A Bergen County judge ruled that a foreclosure action can go forward even though the original lender lost the mortgage note and never passed it along when it assigned the mortgage to the bank now trying to enforce the debt, the New Jersey Law Journal reported. The Jan. 11 ruling is perceived as good news for mortgage lenders, who are under increased judicial scrutiny and face a possible suspension of foreclosures in New Jersey over alleged “robo-signing” and other lax practices.
The defendant, Janet Alvarado, did not dispute that she took out a $292,000 mortgage loan from Washington Mutual Bank on a Bogota property. The mortgage was transferred to LaSalle Bank, which was acquired by Bank of America in 2007. When Alvarado defaulted in 2008, Bank of America went to court to foreclose. Alvarado challenged the action, saying that Bank of America had not shown it had possession of mortgage note. The bank admitted that it did not have the note on Aug. 20, telling the court that WaMu lost the note before it transferred the obligation and gave an affidavit of lost note, dated July 14, 2006.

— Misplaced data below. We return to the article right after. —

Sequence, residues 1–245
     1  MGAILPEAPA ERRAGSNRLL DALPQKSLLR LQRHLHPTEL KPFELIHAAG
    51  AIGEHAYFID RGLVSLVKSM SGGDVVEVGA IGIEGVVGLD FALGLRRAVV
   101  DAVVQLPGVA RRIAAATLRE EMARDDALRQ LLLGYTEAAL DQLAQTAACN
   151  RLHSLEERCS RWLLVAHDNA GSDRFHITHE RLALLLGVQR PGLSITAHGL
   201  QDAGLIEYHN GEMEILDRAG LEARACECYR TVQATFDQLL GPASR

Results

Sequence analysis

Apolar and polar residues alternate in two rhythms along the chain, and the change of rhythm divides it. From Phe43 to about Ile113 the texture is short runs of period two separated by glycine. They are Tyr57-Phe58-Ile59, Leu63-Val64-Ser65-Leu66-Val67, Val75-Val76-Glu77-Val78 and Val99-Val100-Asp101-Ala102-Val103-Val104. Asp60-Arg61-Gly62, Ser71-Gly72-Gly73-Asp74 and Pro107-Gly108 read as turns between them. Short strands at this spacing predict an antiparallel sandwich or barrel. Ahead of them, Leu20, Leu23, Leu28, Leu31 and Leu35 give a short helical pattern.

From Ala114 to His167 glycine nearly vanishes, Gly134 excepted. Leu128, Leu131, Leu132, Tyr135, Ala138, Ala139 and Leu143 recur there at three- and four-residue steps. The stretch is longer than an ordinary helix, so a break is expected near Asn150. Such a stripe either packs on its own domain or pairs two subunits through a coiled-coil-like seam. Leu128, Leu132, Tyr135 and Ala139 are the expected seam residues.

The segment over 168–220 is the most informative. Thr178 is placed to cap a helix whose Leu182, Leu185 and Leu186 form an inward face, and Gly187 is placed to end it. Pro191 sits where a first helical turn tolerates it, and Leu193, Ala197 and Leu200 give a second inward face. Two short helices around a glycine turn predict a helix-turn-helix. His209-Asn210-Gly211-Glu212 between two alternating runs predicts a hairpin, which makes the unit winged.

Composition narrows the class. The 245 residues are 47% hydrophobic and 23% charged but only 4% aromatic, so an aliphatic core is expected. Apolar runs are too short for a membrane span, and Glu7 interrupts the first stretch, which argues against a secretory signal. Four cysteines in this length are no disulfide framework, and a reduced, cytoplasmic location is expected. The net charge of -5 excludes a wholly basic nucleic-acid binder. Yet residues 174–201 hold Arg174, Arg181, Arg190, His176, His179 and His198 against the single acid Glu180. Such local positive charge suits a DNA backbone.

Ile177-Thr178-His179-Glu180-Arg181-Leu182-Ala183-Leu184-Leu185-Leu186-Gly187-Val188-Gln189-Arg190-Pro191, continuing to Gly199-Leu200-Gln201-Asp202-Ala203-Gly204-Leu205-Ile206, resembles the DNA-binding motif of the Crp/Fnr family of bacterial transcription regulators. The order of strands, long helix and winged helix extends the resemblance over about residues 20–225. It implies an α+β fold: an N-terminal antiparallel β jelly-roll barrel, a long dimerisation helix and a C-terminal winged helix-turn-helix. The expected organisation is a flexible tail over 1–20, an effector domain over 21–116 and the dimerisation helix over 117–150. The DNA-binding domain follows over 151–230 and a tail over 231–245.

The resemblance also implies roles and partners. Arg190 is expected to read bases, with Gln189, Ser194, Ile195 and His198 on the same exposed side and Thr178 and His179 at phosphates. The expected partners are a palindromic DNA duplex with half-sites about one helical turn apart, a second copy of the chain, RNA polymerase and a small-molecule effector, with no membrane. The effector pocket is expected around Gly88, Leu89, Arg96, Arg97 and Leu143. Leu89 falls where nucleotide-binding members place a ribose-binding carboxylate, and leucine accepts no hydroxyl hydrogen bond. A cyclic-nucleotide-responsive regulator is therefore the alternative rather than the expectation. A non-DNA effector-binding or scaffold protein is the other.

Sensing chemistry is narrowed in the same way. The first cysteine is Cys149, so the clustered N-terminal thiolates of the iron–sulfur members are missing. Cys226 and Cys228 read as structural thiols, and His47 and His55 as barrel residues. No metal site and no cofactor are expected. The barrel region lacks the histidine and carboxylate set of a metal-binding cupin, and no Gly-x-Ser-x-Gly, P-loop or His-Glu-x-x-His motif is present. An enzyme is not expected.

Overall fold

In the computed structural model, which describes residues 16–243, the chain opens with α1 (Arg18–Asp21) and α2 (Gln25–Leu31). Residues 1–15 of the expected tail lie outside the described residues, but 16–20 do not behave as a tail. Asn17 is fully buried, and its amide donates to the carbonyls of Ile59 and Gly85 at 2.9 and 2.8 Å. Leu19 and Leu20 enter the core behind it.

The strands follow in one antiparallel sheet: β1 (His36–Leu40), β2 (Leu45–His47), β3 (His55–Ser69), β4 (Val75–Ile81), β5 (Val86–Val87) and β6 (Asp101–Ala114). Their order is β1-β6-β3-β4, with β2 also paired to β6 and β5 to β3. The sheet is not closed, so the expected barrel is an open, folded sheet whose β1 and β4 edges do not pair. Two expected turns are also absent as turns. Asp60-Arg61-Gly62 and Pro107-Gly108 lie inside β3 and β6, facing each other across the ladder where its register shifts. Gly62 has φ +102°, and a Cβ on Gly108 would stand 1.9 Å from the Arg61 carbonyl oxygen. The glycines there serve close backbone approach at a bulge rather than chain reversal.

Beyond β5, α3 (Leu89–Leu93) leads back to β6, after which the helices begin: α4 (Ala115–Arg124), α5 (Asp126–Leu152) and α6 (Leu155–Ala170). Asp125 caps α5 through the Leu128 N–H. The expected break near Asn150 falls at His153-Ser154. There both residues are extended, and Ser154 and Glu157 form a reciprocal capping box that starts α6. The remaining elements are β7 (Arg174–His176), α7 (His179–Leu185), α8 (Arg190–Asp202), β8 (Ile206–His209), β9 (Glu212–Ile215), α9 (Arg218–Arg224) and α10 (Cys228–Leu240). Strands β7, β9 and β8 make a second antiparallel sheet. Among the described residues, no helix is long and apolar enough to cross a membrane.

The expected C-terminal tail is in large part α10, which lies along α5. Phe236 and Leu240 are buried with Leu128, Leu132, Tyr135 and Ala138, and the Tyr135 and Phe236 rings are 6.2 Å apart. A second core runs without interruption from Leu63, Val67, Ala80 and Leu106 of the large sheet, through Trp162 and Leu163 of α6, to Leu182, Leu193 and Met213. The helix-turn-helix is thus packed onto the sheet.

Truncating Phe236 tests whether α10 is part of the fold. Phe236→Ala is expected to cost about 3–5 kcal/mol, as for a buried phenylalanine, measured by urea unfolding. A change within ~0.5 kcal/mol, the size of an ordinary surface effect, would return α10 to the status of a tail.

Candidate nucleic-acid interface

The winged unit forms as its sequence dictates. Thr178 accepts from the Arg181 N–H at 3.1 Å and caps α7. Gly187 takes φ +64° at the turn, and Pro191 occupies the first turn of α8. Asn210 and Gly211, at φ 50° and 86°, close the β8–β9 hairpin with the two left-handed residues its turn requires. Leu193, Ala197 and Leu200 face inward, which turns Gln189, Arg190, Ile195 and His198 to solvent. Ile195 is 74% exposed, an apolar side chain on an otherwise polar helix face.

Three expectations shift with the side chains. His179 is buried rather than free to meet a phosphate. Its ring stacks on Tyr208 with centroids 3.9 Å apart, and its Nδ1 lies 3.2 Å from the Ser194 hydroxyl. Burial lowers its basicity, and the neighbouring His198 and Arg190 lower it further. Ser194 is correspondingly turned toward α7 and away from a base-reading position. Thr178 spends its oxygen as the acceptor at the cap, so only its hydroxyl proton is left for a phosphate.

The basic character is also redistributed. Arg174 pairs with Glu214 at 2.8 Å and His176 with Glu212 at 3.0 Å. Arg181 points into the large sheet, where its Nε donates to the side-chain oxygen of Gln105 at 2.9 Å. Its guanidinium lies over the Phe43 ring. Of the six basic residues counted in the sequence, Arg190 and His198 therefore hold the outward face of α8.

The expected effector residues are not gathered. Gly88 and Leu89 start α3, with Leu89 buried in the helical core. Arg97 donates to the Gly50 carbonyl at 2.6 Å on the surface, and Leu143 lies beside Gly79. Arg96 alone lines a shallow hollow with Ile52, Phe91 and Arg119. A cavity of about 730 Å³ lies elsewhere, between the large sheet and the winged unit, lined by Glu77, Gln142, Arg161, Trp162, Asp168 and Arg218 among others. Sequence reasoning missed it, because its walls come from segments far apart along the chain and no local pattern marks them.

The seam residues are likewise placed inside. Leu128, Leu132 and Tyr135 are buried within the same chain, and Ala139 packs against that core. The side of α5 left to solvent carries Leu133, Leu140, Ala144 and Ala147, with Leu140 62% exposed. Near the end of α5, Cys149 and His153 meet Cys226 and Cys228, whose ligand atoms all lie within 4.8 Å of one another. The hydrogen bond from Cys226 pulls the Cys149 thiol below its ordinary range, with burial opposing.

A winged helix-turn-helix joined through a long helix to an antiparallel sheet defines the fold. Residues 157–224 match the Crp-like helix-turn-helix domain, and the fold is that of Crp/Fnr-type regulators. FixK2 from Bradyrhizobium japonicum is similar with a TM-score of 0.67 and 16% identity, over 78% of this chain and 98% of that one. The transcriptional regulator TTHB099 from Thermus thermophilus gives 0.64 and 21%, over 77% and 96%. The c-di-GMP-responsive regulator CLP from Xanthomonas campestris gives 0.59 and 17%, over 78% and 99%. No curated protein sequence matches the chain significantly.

When the motion was re-argued, Judge Mary Thurber granted summary judgment for Bank of America even though it did not possess the note. “The common law doctrine of assignment is sufficiently broad to permit assignment of the right to enforce a lost note,” she wrote in the decision. Even if it is not, “the equitable remedy of unjust enrichment would still compel the result reached here,” the decision said. [New Jersey Law Journal]